ikhs around the world celebrate Vaisakhi every year. As per the Sikh calendar, it is the first day of the month of Vaisakh, which falls around mid-April every year.
The Importance of Vaisakhi
You might have heard of Vaisakhi referred to as a harvest festival or things like that. But it is much, much more! In Sikhi, Vaisakhi has a much deeper significance. It is the day that the Khalsa was created. In the year 1699, it was the birthdate of the Khalsa. Vaisakhi has been celebrated in different ways by Sikhs for over a century, leading up to the year 1699. The Sikh Gurus and Sikh congregations celebrated Vaisakhi by gathering together to engage in meditation and service.
Who is the Khalsa?
The 10th Sikh Guru, Sri Guru Gobind Singh Ji, would celebrate Vaisakhi by inviting everybody from across the regions and far-off countries. They would gather together in the city of Sri Anandpur Sahib, situated near the foot of the Himalayan mountains, in North-East India. During this time, the emperor of India, named Aurangzeb, was excessively taxing people. He was a tyrant and oppressed poor people by doing forceful conversions of faith and killing those who did not comply. No distinctive and humanitarian force could stand up for the poor and the innocent during that time.
To initiate this fight for justice, on Vaisakhi in the year 1699, the great Guru Gobind Singh Ji stood on a platform. In front of a very large congregation, Guru Gobind Singh Ji demanded to the entire congregation, "Is there any child of a Sikh, who is willing to give their head?" This was a test of faith, devotion, humility, love and sacrifice. Five beloved Sikhs (Bhai Daya Singh Ji, Bhai Dharam Singh Ji, Bhai Himmat Singh Ji, Bhai Mohkam Singh Ji and Bhai Sahib Singh Ji) offered themselves one by one and passed the test of Guru Gobind Singh Ji. These five Sikhs are well-known today as the Five Beloved Ones or the Panj Piaare. Guru Gobind Singh Ji blessed them with the Ambrosial Nectar (Amrit) and liberated them from the cycle of birth and death, whilst living in the world still and serving the world. They represent the leadership of the collective and the pure army, known as the Khalsa (Collective of Initiated Sikhs), the army of the immaculate. This event marked the visible sprouting of the teachings of all the Sikh Gurus. Guru Gobind Singh Ji, in the year 1699, gave birth to the Khalsa.
The Mission of the Khalsa
The mission of Khalsa is to fight for food and freedom for everybody around the world, regardless of their faith, caste, gender, color, age, etc. Degh Tegh Fateh is the term that is used by the Khalsa to convey that food and freedom are the victories that the Khalsa strives for. This is why we remember this day as the Khalsa Saajna Divas i.e. the day the Khalsa Panth was created. It is born from submitting and surrendering our ego, through complete submission and genuine love. As Sikhs today, we try to follow that same mission.
What is Khalsa Like?
The Khalsa is like a lighthouse. When a ship is trying to reach the shore and it is dark, the ship doesn’t know where it is going and doesn’t have light for guidance. The Gursikhs, the Khalsa in the world, are meant to be that lighthouse. They are meant to shine and help. In the same way, a Sikh’s Dastar (turban), attire and words all represent this. Standing out in the face of darkness, we can all try to do this. We want to become completely selfless through the way we speak and the way we interact with everyone. As the Khalsa, we want to become completely selfless.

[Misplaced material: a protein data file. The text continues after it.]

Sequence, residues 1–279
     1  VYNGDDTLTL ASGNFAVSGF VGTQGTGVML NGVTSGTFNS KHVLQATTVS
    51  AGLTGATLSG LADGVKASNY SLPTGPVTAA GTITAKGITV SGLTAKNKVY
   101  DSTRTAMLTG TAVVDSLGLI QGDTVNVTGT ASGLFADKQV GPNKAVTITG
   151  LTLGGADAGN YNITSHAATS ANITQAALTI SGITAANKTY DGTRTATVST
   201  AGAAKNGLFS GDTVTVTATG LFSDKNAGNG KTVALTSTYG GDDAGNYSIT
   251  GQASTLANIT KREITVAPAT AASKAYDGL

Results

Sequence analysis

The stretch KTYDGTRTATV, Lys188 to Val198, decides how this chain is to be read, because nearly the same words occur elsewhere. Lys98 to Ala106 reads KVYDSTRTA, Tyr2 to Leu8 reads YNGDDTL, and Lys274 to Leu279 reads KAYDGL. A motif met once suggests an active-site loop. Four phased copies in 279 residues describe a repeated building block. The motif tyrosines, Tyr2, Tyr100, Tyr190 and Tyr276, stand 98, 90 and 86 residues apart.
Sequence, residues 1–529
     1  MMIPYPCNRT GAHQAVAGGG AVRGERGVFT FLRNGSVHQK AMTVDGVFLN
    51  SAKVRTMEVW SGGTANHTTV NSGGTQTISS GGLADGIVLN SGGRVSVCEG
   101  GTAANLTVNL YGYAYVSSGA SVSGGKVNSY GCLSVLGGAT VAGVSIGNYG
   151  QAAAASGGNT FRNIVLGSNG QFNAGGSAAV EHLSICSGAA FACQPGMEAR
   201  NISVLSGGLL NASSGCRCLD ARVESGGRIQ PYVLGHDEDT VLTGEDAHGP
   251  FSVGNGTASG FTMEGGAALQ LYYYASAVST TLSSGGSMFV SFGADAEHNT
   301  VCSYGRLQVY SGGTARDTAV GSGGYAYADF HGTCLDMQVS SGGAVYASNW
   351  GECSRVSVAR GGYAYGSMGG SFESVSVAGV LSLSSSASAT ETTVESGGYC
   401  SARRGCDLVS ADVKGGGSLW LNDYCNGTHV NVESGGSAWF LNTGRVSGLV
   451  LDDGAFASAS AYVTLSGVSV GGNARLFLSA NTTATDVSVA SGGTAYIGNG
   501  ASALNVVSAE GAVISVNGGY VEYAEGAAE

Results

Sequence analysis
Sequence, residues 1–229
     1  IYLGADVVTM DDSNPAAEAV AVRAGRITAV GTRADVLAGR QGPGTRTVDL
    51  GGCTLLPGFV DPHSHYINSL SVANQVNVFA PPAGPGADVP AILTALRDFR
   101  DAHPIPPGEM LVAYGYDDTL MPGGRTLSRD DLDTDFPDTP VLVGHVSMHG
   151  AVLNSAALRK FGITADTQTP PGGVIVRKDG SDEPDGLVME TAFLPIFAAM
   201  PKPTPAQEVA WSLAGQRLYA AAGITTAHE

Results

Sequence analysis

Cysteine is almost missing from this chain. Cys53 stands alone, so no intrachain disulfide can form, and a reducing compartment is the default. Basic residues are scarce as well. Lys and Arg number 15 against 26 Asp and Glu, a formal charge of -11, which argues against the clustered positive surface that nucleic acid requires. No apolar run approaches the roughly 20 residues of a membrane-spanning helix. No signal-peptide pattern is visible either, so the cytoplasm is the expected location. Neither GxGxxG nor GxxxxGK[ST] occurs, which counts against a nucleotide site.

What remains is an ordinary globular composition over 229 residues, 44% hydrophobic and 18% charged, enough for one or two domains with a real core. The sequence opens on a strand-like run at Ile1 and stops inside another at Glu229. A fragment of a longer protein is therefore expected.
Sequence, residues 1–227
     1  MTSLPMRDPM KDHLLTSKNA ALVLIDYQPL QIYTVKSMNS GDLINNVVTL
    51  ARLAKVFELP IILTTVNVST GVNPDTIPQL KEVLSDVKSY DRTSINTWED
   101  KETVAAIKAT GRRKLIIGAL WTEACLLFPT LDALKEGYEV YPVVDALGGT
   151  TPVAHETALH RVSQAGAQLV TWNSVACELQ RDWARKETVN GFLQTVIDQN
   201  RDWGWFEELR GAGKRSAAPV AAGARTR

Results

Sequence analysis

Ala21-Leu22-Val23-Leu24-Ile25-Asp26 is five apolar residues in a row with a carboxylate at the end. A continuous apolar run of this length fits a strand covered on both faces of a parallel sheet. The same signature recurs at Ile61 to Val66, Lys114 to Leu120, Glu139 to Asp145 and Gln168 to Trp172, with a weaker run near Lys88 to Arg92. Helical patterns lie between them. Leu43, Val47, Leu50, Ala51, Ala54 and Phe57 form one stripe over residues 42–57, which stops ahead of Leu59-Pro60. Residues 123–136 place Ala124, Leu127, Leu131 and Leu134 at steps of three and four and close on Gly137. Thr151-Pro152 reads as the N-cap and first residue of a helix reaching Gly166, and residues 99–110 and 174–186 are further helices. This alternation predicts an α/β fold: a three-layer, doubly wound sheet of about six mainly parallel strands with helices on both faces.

Strive to become so humble that you don’t care about selfish things, such as caring about what you have and what other people think about you. We want to think about the greater cause i.e. what is greater for all of humanity? As the Khalsa, we want to make this world more righteous. Along with that, these virtues become alive when we instill ourselves in the remembrance of God and dive into the hymns of spirituality, written by the Sikh Gurus. That is why you may hear a lot of devotional singing from the Sikhs around Vaisakhi time. It is not just music. Just like a moth sacrifices itself for the love of light or a bumblebee is intoxicated in the love of the flower, a Sikh completely sacrifices themselves inside of this devotional singing of the hymns, which we call Gurbani (the Guru's words). The Khalsa is meant to get drenched in the love of these words and serve the world.
Vaisakhi is a celebration of love. Celebrate that love, it is not just as superficial as eating, dancing and then going home. Vaisakhi is not a carnival. Rather, this is the birthday of those great martyrs in our history. The men and women, old and young, who sacrificed their lives for others. Let us have that love run through our veins as well!
Today, I implore you, for this year's Vaisakhi to:
- Instill that love for Vaheguru (the Wondrous Enlightener) inside of yourself to grow
- Go beyond the shackles of your mind and your ignorance
- Completely fall in love with God through whichever path you may follow
We believe there is only one Creator. Do not think about yourself or chase after vices. Become selfless. Sikhs strive to be warriors externally and achieve spirituality and enlightenment internally i.e. becoming Saint Soldiers. For Sikhs, the importance of Vaisakhi is to be liberated from our vices and awaken the love for Guru Sahib Ji inside of us. That is what the Khalsa is.
The True Khalsa
Reflecting on the importance of the Khalsa, Guru Gobind Singh Ji emphasizes that, "whoever becomes the Khalsa, I sacrifice myself for that person".
One who knows the true taste of God within them is the True Khalsa.
A true Khalsa is that person who dives deep down inside of themselves, recognizes the true form of God and sees the Creator inside of everyone. That is the true message of Vaisakhi. Let us celebrate this by allowing the flowers of our love for Vaheguru to blossom within this month!
This article is a transcribed version of the video